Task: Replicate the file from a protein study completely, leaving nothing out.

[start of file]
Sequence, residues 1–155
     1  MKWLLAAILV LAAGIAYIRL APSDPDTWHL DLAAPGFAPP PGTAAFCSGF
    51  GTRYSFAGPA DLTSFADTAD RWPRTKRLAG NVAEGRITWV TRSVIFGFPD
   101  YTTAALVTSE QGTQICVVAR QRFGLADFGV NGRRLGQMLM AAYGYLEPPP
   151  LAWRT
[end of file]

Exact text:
Sequence, residues 1–155
     1  MKWLLAAILV LAAGIAYIRL APSDPDTWHL DLAAPGFAPP PGTAAFCSGF
    51  GTRYSFAGPA DLTSFADTAD RWPRTKRLAG NVAEGRITWV TRSVIFGFPD
   101  YTTAALVTSE QGTQICVVAR QRFGLADFGV NGRRLGQMLM AAYGYLEPPP
   151  LAWRT